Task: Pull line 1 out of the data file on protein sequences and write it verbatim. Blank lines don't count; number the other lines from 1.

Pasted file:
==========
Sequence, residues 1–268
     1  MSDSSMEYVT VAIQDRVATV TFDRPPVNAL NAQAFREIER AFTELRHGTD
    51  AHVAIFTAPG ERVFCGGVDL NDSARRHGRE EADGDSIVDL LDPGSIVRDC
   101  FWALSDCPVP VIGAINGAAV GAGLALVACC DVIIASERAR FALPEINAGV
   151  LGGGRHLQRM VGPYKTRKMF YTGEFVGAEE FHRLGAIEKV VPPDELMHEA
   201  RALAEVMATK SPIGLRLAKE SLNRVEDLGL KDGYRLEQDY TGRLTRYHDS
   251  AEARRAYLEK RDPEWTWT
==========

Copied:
Sequence, residues 1–268